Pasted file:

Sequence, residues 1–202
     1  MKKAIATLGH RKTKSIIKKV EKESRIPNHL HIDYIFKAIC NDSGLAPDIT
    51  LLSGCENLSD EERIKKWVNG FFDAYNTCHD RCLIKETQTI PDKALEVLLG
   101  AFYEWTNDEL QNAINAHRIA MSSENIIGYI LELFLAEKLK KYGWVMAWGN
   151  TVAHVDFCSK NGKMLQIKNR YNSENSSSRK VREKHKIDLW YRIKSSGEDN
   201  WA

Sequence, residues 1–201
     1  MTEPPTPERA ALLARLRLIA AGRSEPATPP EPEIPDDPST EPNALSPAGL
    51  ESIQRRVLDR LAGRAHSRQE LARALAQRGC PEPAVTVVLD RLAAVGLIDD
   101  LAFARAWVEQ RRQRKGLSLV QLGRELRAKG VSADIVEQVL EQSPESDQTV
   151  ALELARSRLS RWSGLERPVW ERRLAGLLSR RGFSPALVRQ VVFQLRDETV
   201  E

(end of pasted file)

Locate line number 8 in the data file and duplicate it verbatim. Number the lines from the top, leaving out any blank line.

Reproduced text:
     1  MTEPPTPERA ALLARLRLIA AGRSEPATPP EPEIPDDPST EPNALSPAGL